Title: Justi Lipsi de cruce libri tres ad sacram ...
Publisher: Plantin Moretus
Publication Date: 1594
Book Condition: Very Good
Edition: First Edition.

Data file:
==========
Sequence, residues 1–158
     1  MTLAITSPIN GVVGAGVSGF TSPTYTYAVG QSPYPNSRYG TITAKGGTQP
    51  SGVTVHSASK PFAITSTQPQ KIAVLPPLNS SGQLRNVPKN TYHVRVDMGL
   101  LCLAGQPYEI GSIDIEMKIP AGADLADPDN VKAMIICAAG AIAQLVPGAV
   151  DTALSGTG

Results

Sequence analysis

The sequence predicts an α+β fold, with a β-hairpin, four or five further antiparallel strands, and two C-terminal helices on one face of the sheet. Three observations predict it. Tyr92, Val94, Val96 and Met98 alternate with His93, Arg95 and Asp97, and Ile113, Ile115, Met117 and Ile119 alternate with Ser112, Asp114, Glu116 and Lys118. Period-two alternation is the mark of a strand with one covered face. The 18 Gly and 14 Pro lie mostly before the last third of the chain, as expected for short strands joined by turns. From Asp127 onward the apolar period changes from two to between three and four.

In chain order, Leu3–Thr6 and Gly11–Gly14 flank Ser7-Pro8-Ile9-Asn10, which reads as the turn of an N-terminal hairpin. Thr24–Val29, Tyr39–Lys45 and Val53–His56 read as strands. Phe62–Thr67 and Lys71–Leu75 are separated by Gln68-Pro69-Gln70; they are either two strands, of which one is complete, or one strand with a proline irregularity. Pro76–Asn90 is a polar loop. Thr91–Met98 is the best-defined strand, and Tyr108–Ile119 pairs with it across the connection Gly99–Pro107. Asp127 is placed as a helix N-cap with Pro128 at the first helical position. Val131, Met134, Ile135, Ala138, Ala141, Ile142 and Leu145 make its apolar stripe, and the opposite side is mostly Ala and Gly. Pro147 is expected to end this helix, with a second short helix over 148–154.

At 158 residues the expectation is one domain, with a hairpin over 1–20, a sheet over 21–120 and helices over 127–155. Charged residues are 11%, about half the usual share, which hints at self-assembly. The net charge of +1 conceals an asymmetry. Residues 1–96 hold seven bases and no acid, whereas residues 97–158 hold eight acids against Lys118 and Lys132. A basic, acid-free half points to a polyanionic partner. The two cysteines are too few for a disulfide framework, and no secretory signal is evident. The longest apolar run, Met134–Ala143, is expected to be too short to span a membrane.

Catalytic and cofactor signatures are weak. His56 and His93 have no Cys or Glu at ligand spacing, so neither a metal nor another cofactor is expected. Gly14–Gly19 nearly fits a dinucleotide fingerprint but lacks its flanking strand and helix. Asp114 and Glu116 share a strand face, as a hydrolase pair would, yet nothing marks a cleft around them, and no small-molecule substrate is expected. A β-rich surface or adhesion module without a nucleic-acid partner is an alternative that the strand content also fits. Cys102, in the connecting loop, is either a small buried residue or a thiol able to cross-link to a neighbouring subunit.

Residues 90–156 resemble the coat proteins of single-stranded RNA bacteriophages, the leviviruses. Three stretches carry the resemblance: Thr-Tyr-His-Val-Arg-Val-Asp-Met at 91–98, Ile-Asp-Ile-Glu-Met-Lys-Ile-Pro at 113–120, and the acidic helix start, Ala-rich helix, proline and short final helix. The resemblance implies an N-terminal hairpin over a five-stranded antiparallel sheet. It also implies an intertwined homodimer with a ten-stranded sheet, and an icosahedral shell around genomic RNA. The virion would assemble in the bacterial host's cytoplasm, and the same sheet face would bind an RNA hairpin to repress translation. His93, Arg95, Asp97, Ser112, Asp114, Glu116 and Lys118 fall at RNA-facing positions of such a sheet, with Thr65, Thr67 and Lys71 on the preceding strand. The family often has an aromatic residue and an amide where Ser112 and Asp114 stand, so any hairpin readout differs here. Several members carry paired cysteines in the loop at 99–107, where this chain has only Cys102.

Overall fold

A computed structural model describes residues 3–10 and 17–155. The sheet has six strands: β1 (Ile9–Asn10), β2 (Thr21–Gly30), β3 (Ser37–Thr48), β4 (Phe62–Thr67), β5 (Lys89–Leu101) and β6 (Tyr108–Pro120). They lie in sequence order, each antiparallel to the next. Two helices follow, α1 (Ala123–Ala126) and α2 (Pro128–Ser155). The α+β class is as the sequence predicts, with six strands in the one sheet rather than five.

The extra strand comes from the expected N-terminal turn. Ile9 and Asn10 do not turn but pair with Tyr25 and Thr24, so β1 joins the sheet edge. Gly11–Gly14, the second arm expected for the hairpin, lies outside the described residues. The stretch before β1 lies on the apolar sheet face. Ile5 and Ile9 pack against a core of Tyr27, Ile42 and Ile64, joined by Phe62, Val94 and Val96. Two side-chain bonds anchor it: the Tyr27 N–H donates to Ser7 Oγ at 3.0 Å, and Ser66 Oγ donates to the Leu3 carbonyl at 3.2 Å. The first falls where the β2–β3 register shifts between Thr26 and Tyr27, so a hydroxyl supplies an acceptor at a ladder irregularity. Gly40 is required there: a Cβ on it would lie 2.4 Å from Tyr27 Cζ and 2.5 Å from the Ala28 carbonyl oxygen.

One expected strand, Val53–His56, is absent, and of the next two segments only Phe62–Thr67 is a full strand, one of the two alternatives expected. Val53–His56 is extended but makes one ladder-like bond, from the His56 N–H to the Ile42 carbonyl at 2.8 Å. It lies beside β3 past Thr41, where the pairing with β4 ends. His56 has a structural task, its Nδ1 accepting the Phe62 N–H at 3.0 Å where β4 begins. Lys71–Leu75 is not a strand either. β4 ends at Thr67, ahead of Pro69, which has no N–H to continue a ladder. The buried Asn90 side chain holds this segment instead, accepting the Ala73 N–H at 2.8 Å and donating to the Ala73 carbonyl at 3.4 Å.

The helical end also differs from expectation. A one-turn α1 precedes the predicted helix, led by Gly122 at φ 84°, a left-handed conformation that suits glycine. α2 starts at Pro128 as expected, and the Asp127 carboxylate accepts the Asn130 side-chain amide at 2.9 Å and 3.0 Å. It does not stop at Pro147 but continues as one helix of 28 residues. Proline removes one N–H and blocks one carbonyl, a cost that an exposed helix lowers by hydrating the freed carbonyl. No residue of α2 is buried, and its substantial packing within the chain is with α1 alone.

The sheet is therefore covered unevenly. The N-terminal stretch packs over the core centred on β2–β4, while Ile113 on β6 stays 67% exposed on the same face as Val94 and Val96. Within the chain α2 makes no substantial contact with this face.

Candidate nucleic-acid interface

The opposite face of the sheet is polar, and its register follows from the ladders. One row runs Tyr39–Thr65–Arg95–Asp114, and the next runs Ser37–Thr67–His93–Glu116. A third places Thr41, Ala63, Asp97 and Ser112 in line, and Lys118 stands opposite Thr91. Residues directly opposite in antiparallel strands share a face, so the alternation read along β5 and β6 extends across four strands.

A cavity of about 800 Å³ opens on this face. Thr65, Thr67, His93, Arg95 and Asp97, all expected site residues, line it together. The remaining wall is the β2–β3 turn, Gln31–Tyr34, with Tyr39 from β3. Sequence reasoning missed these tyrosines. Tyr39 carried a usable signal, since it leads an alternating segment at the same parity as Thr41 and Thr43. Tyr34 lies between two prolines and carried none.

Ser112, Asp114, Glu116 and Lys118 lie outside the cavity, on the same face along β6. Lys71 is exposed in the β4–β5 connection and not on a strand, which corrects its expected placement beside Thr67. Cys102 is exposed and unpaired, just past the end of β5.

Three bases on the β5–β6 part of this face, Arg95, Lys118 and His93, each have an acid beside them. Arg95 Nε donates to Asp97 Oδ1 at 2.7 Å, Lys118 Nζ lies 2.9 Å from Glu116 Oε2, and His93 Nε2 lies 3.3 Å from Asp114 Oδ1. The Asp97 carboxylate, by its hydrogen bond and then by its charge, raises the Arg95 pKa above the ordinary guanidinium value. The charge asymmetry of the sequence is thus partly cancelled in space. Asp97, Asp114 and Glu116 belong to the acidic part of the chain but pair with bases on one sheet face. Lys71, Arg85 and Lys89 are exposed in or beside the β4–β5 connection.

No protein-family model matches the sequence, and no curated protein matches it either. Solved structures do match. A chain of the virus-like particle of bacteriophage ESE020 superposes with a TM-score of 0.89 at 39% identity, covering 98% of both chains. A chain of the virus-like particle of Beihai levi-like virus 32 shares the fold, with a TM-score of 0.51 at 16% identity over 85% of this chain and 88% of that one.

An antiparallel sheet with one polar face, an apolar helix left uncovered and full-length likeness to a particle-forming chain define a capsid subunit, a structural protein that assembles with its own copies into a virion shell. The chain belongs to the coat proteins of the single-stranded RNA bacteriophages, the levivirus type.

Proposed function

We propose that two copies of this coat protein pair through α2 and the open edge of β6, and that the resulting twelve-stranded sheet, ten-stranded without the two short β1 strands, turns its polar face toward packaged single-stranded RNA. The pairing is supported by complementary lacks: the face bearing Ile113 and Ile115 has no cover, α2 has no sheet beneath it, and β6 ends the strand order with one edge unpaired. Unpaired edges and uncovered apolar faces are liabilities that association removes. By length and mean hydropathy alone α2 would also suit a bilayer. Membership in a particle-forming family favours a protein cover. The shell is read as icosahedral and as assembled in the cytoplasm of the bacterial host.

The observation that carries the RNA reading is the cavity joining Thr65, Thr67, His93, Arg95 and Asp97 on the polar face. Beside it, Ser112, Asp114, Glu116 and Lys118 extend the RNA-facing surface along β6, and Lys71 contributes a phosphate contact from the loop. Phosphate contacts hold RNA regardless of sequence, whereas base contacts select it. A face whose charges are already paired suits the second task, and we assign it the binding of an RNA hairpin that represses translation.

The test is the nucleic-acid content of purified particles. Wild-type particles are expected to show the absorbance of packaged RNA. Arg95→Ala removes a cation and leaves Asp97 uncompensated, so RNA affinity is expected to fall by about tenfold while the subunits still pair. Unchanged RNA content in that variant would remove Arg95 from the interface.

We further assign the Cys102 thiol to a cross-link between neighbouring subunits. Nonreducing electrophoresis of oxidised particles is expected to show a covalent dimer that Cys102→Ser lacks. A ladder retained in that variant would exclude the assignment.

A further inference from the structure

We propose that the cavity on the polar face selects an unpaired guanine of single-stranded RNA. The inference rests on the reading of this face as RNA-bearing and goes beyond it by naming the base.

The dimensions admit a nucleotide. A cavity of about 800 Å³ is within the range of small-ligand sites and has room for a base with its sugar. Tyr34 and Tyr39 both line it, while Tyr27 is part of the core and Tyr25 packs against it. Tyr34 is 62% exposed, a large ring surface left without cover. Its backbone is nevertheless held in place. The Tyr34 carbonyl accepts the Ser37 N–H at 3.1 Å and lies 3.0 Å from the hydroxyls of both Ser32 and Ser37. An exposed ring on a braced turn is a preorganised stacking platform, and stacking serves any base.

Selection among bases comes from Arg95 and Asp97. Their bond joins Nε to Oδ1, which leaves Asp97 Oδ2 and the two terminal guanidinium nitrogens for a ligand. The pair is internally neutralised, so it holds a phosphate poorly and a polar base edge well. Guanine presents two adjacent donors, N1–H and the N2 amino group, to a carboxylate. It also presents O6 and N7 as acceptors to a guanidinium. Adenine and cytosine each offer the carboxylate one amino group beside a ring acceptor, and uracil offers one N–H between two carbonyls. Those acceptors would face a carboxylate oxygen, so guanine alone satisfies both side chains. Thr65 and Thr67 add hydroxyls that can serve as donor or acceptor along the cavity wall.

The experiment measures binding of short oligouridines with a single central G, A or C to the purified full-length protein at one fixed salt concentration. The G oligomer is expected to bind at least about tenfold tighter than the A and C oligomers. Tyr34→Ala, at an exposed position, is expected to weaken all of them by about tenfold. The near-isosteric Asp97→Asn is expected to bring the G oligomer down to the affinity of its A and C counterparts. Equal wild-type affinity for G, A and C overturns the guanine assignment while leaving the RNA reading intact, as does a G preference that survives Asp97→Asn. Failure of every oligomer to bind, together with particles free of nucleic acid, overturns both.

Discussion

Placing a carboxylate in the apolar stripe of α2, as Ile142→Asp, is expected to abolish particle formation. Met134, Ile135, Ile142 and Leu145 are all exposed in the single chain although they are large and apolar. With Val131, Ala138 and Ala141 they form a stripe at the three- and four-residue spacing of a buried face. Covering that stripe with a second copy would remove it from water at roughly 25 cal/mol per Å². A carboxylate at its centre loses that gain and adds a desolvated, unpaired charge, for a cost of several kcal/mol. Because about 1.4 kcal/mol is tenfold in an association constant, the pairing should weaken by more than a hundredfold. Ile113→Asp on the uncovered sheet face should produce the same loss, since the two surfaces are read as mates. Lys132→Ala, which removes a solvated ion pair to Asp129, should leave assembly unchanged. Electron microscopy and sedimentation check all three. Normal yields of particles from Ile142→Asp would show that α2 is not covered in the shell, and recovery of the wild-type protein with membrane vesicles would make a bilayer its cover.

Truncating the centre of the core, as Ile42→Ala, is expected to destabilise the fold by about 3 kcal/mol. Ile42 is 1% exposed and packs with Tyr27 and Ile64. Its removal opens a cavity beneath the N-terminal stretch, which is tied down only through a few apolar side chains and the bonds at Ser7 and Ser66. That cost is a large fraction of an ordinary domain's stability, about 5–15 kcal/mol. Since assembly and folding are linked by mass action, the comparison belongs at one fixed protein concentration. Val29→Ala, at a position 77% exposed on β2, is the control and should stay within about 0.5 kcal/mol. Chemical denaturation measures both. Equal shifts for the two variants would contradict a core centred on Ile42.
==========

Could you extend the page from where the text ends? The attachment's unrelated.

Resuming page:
8vo (235 x 170mm). , 120pp, . Signatures: a-b4; A-Q4. Engraved printer’s device of Moretus (compass with motto "Labore et constantia") to title and final leaf (woodcut). 22 engravings in text depicting mainly crucifixion scenes among ancient peoples, including one full-page, all attributed to Peeter vander Borcht. Woodblock chapter initials. Greek & Latin text, marginal notes, index. Near contemporary vellum; (covers inscribed "Ingilby," possibly pointing to an early English provenance) and rear of first blank inscribed with quotations titled "Elogia Crucis," taken from Tertullian, De corona militis; Ephrem, De Poenitentia; Augustine, Enarratione in Psalmos; and the Hymns of Prudentius. Staining to upper margin of a few leaves toward the end. Rare First Edition. The collaboration between the Plantin-Moretus press and Justus Lipsius (Joose Lips) the 16th century philologist, scholar of classics, and professor from the Netherlands, has been well established by a series of correspondence and the numerous printings from the press. Lipsius, was regarded as the most learned man of his time, and many of his foundational ideas featured as key themes in the Reformation and humanist intellectual movements. One of his primary academic interests was to reconcile the Stoic teachings of Seneca with that of Christianity, and subsequently his most famous work, the multi-volume series De Constantia, had been published in 1584. It is believed that Lipsius wrote and published his work De Cruce, just ten years later, as a means of demonstrating his reconciliation with Catholicism and religious piety to his new employer, the College of Louvain, after a lifetime of religious drifting. His work brought to light many extraordinary things otherwise overlooked in the history of crucifixion as a means of execution. Lipsius then discusses the different ways to crucify a person; upside down sideways, feet apart, and then those who are attached to the cross, were burned alive or all exposed to wild beasts. Lipsius then examines what wood crosses were made and determines the oak being the strongest was also the cleanest in their construction. Although the expert illustrations are unsigned, scholars believe the images could be the work of famed Flemish engraver Peter van der Borcht. Adams 778; Brunet, I, 872 (first edition); Van der Haeghen, Bibliographie lipsienne, I, 187. Bookseller Inventory # D6210
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